How Shorting Ethereum Helped Us Make Payroll

By Dr. James M. Dahle, Founder of WCI

We had a little financial crisis recently. As you know, organizing conferences is very expensive. It also induces serious cash flow issues, where you get most of the conference revenue very early in the process, but all the bills come due late in the process.

Well, it turns out we ended up spending too much money on fancy trips to Europe and heli-skiing, and then all those bills came due at the same time. We had to pay for all the people who worked at WCI, and the money wasn’t there.

So we had to get creative. There were a number of options available.

The first was to put the cars on Turo, basically the VRBO for cars. Our lousy cars weren’t going to rent for much, however. But since I wired the garage with electric car chargers when we were doing the house renovation, we thought we could rent three Teslas. However, it was going to take too long and it wouldn’t bring us enough money to do the payroll.

The second option was to sell part of the business to a ready buyer. We did some research and found a large insurance company that was willing to be a minority investor. We will call them SouthEastern Mutual to preserve their anonymity. We got a pretty good offer, but in the end it turned out that SEM wanted to shut down the site completely (or at least remove 5-10 specific messages about whole life insurance), so we declined it .short ethereum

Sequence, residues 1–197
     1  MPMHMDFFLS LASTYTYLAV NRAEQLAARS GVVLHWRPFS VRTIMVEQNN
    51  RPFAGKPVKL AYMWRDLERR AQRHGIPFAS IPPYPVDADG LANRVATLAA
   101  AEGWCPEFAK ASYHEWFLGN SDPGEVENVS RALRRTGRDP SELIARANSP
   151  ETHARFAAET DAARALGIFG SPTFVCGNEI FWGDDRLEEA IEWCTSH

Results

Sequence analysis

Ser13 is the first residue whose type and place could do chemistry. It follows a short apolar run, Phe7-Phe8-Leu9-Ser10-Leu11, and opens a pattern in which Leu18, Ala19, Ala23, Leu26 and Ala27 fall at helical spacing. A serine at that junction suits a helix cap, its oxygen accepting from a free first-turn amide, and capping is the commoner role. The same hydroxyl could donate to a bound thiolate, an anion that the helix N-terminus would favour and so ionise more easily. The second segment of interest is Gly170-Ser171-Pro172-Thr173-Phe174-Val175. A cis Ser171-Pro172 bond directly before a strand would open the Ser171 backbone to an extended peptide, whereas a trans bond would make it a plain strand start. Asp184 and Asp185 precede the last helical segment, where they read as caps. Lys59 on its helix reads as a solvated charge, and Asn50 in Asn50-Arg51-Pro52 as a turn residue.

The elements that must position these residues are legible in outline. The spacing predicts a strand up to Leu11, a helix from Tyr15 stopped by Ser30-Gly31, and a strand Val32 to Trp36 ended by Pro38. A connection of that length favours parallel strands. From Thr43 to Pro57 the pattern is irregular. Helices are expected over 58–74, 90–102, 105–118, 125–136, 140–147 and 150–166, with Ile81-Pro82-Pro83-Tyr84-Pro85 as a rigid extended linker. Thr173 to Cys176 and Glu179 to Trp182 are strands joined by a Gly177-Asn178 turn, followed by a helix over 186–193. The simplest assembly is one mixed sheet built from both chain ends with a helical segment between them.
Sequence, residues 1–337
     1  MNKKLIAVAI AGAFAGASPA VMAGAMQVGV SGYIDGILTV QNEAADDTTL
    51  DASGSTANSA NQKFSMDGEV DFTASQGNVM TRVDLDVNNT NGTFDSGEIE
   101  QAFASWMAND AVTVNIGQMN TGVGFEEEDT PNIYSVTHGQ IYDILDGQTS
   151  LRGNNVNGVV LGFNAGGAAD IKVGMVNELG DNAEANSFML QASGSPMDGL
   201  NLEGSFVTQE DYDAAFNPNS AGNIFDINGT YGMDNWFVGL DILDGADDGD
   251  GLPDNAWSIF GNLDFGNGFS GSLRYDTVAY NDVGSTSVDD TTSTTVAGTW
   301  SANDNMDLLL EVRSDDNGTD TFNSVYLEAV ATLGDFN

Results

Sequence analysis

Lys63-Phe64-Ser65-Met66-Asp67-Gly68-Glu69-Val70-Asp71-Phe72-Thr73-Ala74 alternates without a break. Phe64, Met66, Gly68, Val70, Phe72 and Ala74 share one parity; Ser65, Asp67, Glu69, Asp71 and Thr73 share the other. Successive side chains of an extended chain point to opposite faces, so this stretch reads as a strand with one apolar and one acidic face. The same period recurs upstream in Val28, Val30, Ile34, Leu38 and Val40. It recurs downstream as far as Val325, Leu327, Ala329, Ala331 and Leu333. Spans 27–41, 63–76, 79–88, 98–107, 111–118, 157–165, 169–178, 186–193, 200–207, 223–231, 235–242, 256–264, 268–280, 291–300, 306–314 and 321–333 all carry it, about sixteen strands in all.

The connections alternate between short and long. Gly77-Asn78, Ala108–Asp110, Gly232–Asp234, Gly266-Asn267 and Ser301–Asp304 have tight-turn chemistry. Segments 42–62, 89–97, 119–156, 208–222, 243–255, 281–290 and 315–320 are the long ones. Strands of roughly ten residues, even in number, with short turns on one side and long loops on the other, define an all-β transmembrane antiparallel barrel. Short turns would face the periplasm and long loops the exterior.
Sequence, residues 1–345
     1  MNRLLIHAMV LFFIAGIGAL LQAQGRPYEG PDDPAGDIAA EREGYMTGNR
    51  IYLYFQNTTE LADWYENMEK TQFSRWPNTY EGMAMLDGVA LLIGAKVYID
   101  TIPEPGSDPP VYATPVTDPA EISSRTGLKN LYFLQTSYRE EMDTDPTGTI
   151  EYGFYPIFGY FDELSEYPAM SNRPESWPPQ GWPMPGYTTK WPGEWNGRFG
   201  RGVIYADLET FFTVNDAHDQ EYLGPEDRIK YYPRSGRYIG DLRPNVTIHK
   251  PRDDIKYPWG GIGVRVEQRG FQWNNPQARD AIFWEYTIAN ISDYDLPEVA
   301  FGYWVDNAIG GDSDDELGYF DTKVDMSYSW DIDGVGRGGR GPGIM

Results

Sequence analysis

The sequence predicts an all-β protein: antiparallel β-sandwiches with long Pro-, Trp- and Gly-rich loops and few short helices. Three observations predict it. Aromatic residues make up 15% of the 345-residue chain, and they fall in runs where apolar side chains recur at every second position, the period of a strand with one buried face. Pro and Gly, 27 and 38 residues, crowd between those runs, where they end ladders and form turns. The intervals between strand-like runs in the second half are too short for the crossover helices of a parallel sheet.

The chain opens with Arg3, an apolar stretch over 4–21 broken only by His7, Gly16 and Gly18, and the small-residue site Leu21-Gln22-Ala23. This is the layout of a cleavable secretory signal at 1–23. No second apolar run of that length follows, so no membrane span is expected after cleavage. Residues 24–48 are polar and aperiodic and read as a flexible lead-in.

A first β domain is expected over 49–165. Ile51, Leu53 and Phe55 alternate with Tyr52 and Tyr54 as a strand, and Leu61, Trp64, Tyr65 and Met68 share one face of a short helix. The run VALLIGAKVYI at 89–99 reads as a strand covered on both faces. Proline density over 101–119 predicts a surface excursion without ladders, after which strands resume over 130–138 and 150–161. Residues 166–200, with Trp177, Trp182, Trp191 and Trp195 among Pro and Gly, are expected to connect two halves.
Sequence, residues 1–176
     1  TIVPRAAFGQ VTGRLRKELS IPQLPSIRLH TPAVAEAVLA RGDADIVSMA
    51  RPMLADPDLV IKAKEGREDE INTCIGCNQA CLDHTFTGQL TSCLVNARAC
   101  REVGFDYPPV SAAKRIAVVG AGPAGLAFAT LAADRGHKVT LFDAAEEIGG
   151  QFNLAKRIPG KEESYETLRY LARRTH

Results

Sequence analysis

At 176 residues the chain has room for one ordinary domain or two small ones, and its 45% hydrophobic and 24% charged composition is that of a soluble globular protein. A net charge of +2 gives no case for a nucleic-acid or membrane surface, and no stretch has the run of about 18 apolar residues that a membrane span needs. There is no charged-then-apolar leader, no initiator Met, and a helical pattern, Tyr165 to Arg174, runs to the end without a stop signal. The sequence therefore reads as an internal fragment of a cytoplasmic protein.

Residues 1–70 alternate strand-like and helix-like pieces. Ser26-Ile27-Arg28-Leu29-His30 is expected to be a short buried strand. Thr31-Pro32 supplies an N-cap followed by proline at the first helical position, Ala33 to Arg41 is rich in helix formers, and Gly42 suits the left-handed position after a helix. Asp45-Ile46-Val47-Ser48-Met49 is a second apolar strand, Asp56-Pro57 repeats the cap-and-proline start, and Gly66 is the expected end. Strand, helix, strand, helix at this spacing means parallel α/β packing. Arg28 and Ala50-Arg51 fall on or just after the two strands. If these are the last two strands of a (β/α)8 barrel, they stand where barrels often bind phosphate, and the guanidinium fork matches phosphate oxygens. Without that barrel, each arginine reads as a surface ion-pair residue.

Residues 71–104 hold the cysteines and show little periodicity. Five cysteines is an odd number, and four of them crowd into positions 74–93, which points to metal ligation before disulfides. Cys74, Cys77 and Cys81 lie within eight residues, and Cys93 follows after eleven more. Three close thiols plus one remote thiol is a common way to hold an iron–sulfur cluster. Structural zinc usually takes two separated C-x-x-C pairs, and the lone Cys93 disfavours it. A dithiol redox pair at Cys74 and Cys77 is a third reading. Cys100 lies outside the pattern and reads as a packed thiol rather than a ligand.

Our CTO came up with another great option. We were going to launch a WCI Crypto Coin, tell our audience about it, and then cash out as much as we could. It would be a really functional piece, and it would also serve as a collector’s item for true WCI fans.

But it just didn’t seem right to launch a pump and dump program on our audience, even if it was for a good cause.

In the end, we opted for a more practical option.

We took out a short-term HELOC on the house and used it to short Ethereum. At the time, Ethereum had gone to the moon. It was pretty obvious that the bubble was about to burst. In fact, it had already started when we “sold” it. Remember: when you sell short, you first sell an asset (that you borrowed from someone else) and then buy it back once its price has fallen.

How did the numbers work? Well, we sold at about $4,300 a piece and bought at about $2,600 a piece for a gross profit of about $1,700 a piece. Taking into account our marginal tax rate of 42% on short-term gains, our net profit was $986 per piece. That doesn’t sound like a lot, but it was a pretty big HELOC – almost $800,000.

We ended up selling/buying 300 coins, which brought us nearly $300,000 in profit. It was enough to pay the payroll, pay a small bonus and still have something for us. Pretty easy too, given how clear our crystal ball is on this particular decline. It was the least we could do for our dear employees.

If you are having a cash crunch for your small business or even just your family, consider getting into the crypto markets. There’s so much volatility out there that it should be easy to kill by getting in and out at the right time.

If everyone at work is talking about it, cut it short. If even the Crypto Bros on Twitter have gone silent, then it’s time to buy.

What do you think? Which of these options would you have chosen for payroll? Should we have bought the Teslas? If not, how do you plan to celebrate April 1st? Comments below!

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